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TEASER: Hashtag Ban Cars With Michael Hobbes

The War on Cars

Release Date: 11/12/2021

Infiltrating the Auto Show II show art Infiltrating the Auto Show II

The War on Cars

The New York International Auto Show was back and bigger than ever... and so were the cars. Our intrepid correspondents Sarah and Doug braved the crowds and sensory overload to hear straight from auto industry reps about the giant SUVs and muscle cars that will be prowling cities and suburban parking lots in the coming years. From the "menacing" and "in your face" Ford Bronco Raptor to the 800-horsepower Dodge Charger, what do the people who sell these vehicles to the public have to say when confronted with questions about safety? Plus, with e-bikes and scooters ascendant, will they one day...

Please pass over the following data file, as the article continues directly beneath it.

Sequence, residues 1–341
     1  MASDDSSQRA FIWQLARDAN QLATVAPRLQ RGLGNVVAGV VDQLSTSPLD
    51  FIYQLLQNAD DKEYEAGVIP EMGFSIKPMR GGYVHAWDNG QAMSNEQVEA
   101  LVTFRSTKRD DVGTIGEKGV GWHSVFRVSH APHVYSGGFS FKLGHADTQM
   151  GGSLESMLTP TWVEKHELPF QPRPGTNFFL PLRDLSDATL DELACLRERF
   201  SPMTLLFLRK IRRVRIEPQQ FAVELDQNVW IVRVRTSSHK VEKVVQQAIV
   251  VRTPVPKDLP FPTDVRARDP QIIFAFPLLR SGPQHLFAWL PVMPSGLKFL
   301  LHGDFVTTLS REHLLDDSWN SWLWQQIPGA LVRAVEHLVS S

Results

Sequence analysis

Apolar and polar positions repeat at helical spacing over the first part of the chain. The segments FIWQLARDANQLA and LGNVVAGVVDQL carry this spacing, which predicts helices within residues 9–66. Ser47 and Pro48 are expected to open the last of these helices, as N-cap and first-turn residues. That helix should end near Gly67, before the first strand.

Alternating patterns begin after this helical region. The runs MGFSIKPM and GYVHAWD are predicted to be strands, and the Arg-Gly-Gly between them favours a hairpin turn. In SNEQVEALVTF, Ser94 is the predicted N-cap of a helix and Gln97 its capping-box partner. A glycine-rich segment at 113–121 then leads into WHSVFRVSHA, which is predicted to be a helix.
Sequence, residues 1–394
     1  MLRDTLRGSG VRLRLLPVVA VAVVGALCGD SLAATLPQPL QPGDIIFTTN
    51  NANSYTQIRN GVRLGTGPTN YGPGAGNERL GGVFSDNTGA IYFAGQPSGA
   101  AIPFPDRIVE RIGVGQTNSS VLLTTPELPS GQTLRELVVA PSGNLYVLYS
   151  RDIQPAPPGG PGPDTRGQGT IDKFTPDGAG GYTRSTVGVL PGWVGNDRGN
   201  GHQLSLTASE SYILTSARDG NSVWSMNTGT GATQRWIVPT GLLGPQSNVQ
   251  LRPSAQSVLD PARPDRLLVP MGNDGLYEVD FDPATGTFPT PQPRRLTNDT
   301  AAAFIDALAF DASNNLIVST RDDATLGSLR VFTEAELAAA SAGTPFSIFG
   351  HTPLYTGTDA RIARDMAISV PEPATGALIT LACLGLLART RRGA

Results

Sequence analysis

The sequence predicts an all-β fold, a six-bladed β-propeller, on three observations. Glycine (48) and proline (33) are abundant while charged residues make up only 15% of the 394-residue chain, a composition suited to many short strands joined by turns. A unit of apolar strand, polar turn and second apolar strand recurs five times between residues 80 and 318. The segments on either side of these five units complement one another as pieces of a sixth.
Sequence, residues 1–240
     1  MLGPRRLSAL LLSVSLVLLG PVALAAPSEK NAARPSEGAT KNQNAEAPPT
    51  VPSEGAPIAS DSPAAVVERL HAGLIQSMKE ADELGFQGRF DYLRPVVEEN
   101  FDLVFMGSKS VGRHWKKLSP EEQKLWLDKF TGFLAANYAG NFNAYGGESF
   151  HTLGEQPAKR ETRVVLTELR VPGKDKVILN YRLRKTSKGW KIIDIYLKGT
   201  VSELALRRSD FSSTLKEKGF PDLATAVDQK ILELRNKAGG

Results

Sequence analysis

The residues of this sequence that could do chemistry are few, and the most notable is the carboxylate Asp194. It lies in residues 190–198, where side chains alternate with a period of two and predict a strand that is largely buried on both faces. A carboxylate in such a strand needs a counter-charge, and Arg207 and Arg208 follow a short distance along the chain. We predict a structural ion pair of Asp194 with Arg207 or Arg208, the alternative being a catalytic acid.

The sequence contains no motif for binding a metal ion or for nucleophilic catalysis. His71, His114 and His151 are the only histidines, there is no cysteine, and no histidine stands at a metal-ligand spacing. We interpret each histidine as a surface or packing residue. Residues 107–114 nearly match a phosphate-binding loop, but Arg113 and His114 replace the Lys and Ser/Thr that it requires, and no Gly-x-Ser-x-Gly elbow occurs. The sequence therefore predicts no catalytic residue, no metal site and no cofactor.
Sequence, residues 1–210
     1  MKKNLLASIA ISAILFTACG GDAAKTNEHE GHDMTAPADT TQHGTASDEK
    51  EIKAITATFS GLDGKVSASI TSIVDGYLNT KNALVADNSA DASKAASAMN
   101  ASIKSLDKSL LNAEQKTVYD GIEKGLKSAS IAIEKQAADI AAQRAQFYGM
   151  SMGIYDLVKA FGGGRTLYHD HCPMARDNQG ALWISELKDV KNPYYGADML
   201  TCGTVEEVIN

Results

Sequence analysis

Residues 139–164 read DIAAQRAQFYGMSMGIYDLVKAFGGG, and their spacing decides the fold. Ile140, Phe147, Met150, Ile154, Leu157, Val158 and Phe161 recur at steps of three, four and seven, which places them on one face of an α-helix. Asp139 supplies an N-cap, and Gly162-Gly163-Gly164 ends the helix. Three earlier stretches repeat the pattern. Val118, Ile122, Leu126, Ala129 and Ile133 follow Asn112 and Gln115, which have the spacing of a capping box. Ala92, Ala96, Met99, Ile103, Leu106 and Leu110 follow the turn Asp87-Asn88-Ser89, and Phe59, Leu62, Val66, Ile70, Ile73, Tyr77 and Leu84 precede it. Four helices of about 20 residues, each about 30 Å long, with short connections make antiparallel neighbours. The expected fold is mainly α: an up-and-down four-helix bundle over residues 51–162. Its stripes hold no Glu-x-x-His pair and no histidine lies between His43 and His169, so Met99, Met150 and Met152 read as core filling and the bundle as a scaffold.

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They Paved r/place and Put Up a Parking Lot show art They Paved r/place and Put Up a Parking Lot

The War on Cars

From the joy of the "Just a Minute" campaign in San Francisco to the members of a colorfully named subreddit creating a digital parking lot, there's a lot of news in The War on Cars. We hear from listeners around the country and across the Atlantic. Is it possible to be more chill about people riding the wrong way in a bike lane? Should public transit be free? Why is it so hard to find a good bicycle with all the accessories you need for regular transportation? Plus, quick dispatches from the hosts' trips to car-dependent parts of the United States. Lear about what makes a good, walkable city...